Perhaps you want to use your equity to pay for your new home or maybe you want to use your house as an investment property with a long-term income stream.
Here are key questions to consider as you make the decision.
First, you need to consider the long-term profitability of your existing residence. Is the property in a high-growth area? Is the neighborhood headed up or down? What are the long-term job and population prospects?
For an investment, you’ll want your property to have a steady flow of renters along with increased value over time. Make sure to analyze the long-term demand for homes in your area, both in the purchase and rental markets.
Additionally, you’ll want to look at economic data and ask your Realtor for information about real estate conditions in your neighborhood. Find out how fast homes are selling or renting.
Start by deciding how you’ll pay for the down payment on your new house. Do you have money saved up that you could use or are you relying on the proceeds of your sale?
Financing the properties is another consideration. You may need two mortgages if you’re not close enough to paying off your existing house. Talk to your lender about whether you qualify for two loans.
Finally, you need to consider whether you have enough money to pay for the unexpected challenges of being a landlord. Do you have funds set aside for unexpected repairs? Could you make the mortgage payment if you have several months between tenants?
You’ll need to crunch the numbers to see if owning an investment property makes sense financially.
Determine the monthly rental rates for comparable properties in your neighborhood and ask your financial advisor to create projections for how much you could expect to make. Also, talk about whether owning the property could factor into your long-term retirement planning.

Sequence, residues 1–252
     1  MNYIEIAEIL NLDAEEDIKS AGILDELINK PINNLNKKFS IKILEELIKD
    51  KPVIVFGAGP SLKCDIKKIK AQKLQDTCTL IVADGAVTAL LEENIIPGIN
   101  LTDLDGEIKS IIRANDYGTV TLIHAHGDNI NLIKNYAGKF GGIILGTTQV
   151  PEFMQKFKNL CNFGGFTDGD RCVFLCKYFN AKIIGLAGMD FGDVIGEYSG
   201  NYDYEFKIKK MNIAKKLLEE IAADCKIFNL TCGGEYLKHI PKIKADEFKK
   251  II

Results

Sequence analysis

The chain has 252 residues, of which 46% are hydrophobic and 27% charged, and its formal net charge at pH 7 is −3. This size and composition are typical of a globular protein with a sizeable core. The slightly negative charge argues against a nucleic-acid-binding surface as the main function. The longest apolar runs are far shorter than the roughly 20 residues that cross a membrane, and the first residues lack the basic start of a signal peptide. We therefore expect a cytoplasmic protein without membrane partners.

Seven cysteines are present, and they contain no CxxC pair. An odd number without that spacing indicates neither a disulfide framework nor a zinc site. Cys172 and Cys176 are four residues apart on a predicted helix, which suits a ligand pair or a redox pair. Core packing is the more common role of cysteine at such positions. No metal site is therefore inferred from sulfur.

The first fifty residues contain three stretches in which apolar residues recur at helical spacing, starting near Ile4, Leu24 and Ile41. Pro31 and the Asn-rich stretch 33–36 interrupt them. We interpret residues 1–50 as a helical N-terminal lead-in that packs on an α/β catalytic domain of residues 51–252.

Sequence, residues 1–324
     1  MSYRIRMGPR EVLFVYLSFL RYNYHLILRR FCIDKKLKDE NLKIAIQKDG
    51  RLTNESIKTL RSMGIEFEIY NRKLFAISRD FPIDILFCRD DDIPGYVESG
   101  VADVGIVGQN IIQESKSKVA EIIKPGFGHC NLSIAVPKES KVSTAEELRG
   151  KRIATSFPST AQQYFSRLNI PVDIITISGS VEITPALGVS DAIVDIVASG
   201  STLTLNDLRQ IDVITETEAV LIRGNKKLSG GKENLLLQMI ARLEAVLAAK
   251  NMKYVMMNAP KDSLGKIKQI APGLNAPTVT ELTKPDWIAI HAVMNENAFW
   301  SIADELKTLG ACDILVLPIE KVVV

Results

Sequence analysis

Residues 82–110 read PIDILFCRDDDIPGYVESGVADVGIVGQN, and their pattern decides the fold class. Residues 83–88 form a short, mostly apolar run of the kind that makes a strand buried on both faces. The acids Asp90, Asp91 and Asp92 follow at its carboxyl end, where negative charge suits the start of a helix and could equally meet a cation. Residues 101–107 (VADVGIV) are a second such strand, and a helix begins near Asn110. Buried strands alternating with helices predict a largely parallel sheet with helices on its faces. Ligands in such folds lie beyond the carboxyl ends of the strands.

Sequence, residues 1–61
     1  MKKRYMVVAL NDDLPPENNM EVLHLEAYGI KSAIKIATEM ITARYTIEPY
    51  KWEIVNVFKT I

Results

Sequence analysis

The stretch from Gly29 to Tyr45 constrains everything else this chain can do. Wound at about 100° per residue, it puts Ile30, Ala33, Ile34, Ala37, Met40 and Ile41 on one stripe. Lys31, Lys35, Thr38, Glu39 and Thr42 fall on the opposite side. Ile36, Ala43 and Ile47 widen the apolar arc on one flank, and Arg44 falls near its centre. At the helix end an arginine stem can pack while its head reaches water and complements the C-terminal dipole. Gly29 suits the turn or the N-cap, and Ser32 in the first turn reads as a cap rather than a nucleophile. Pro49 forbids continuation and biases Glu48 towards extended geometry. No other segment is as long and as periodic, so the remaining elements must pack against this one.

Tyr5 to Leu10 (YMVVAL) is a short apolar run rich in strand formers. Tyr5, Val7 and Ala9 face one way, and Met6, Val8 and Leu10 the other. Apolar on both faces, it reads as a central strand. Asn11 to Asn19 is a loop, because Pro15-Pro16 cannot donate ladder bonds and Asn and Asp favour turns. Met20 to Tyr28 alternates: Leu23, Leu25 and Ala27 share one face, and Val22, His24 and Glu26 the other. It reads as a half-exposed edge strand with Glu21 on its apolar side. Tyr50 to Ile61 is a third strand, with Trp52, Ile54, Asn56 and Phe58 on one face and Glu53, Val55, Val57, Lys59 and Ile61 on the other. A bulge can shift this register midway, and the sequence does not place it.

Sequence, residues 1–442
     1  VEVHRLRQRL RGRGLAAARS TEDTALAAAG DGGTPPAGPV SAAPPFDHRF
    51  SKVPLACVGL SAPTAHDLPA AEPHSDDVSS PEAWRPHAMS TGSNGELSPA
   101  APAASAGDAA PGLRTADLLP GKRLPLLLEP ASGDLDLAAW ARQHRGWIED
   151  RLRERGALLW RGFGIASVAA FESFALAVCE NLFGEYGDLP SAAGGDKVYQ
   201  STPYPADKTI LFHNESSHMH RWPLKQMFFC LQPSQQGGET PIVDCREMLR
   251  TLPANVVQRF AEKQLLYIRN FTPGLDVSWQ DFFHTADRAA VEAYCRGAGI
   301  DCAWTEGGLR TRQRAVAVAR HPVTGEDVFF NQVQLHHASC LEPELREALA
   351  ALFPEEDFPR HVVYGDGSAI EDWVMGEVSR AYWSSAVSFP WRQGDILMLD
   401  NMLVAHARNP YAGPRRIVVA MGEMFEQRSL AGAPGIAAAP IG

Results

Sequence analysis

Make sure to consider the numerous tax benefits of owning an investment property, including deductions for depreciation, property taxes, mortgage interest, maintenance and more. Factor in this favorable tax treatment in your calculations.
Finally, ask your financial advisor about your other investment options like the stock market. All things considered, is this the best return based on your investment objectives?
Even if the returns are favorable, you still have to decide whether you’re up for the headaches of being a landlord: screening tenants, managing inconvenient repairs, risking damage to your property, etc.
If you’d like to keep the property but don’t want the hassles, you could also consider hiring a property manager to take care of these services for you.
If your move is for temporary reasons, you may want to rent out the home. You could save money on closing costs and other transaction fees by keeping the home if you plan on eventually returning.
If that’s not in your future, you may want to sell the home and move on.
Owning more than one property includes risks and opportunities. As you decide whether the investment makes sense, you’ll want to talk to many professionals along the way, including a lender, property manager, attorney, financial advisor, tax expert and Realtor.
To learn more about market conditions and other information about buying, selling and investing in real estate, contact a local Realtor. Find one at UtahRealtors.com.